Well I feel all kinds of superiority and not just because of my gender, but that’s a start. Heh.
I concur with much of what Martin Earl has written, of course he can get away with writing it and not being labeled as bitter or a ball snipper.
What I mean is that as an editor, I too have noticed a trend in the submission pile. On *average* I find the work of contemporary female poets to be more daring, original and interesting. My magazine receives more submissions from men (about 10-15% more), but it publishes more women. Years ago when I first noticed this, I was surprised. All along I thought I preferred male poets. I owned more books by them, was definitely more familiar with their work from major literary magazines and from my education. Turns out I was incredibly ignorant.
So when certain editors talk about the “number troubles” I don’t understand why this is even an issue. Are these editors living in a cave?
One can chalk up my observations to my taste and bias, which I most certainly have, like every other editor and poet.
4. ‘Why Don’t More Women Do Blog-Oriented Writing?’ or why they do it differently than men: it appears to me that the following may be posited as answers: a. Women’s blogging is largely overlooked unless it includes or threatens male readers b. In comment streams, comments from men abound (just as their sperm-like poetry spatters against every editor’s desk) while women’s less abrasive, more astute, carefully considered comments are overlooked c. Women (for whatever nature or nurture reason***) don’t like to get into heated arguments, would rather spend their time working on more productive and useful things (perhaps because women do have less leisure time). If you say something that someone thinks is controversial, you’re likely to get dragged into a heated argument with lots of men who don’t read your post or comments anyway, so you might as well just stay out of the whole thing, or keep to your own little knitting — I mean blog.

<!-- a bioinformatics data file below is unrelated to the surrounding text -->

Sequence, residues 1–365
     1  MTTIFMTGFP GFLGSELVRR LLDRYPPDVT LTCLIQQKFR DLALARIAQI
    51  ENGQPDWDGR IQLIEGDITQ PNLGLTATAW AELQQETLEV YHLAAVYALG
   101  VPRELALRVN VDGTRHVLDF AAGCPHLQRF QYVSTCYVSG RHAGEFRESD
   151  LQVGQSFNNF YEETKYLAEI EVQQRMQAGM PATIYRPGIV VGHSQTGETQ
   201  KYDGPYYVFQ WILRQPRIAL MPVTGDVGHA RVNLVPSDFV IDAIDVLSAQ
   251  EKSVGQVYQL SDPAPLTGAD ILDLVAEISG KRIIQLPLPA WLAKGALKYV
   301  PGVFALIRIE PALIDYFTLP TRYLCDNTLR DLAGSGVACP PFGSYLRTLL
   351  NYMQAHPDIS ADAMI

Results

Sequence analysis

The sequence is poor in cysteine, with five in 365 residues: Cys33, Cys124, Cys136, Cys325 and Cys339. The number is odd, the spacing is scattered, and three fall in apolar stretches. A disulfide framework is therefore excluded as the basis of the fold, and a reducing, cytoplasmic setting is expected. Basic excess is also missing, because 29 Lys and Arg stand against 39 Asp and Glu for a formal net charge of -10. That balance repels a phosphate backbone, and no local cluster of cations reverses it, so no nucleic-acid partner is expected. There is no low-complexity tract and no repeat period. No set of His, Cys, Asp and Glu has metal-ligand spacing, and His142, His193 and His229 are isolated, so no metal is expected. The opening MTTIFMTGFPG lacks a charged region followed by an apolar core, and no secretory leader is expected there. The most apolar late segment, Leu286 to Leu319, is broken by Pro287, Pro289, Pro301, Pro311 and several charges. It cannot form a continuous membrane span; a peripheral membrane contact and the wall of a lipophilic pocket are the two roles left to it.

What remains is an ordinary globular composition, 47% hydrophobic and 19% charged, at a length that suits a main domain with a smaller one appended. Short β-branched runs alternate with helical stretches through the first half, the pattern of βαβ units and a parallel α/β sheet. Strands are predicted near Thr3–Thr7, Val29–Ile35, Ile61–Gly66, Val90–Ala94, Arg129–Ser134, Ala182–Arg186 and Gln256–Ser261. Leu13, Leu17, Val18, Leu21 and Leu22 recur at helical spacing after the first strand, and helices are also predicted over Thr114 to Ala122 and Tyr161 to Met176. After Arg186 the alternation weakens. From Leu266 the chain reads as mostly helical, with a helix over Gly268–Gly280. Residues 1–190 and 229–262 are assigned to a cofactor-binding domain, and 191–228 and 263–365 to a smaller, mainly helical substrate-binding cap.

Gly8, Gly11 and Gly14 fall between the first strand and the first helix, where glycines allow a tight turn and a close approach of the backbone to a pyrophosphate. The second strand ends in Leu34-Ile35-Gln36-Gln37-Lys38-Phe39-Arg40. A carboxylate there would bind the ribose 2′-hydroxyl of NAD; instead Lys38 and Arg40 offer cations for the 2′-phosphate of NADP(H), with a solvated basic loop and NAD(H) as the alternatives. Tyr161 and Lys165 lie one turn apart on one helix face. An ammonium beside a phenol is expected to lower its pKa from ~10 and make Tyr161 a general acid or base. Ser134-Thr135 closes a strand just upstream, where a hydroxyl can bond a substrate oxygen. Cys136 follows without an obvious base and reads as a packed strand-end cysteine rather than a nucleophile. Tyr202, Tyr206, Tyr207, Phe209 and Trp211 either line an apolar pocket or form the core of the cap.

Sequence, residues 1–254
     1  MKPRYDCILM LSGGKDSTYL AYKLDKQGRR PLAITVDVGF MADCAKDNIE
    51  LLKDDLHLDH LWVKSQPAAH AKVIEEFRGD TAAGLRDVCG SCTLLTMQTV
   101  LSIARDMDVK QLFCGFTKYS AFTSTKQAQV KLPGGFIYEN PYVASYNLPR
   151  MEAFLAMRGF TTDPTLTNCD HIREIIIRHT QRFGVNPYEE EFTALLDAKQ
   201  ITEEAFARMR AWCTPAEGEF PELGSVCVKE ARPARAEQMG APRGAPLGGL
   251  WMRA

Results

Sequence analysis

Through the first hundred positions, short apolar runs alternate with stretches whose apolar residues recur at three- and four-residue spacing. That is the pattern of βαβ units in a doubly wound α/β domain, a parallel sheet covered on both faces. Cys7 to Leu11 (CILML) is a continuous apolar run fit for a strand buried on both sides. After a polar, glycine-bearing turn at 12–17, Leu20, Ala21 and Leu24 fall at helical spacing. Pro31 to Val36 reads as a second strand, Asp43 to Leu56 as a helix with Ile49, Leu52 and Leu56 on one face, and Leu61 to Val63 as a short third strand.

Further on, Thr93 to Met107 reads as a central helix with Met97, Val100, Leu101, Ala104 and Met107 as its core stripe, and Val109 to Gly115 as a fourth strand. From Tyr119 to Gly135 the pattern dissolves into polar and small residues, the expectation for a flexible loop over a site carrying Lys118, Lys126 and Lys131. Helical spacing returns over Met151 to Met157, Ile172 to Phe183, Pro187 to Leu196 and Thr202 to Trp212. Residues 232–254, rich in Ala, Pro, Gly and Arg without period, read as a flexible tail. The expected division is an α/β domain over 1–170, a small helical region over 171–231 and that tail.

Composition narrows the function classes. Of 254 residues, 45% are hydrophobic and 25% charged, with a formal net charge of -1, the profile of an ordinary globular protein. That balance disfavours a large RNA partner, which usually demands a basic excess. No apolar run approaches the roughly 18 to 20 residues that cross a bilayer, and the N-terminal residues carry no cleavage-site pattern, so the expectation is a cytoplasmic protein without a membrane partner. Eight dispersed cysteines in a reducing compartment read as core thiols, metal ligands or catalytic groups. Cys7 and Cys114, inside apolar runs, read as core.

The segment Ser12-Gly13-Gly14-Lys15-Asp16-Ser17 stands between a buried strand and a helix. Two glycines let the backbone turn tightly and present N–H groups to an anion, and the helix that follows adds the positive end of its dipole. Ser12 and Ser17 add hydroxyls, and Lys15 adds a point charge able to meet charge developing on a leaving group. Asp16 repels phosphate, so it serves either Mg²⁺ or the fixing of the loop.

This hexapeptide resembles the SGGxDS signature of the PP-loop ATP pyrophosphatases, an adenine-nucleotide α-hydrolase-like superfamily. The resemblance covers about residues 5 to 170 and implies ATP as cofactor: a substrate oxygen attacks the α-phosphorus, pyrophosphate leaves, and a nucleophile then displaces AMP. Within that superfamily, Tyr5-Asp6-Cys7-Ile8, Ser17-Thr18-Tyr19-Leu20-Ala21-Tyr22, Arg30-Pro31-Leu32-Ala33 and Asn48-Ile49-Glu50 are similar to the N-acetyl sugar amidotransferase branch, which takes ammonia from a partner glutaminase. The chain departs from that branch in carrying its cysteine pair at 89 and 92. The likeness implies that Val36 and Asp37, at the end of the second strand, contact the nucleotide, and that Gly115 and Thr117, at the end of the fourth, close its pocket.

It’s not that women aren’t blogging. It’s that they do it differently than men, and thus men just don’t see it.
Maybe this is the case with self-promotion, too. It’s not that women aren’t self-promoting, it’s that men say things like “oh, I guess there aren’t any female visual poets” because they’re blind to the delivery systems women use.
5. Based on this evidence, it seems to me that FOURSQUARE is still a crucial project.
* Some people seem to think I am using my blog to write dissertation chapters. This is not the case.
** When I “wonder” things or have ideas, it doesn’t mean that the ideas are right or that I stick by them 100%. I’m just thinking aloud– I don’t have to be right all the time. People seem to assume that if it’s on a blog, you’re willing to go to your grave defending it. This is not the case. (However, I do still think most of the best/greatest/most talented poets writing today are women.)
*** Note, none of these are essentialist arguments. It would be perfectly easy to blame everything on sperm and eggs, but it really seems to me to have to do with cultural background as well, if not exclusively. For example, women pay attention to what men say because men are loud and aggressive, and men don’t pay attention to what women say because women aren’t, generally, loud or aggressive.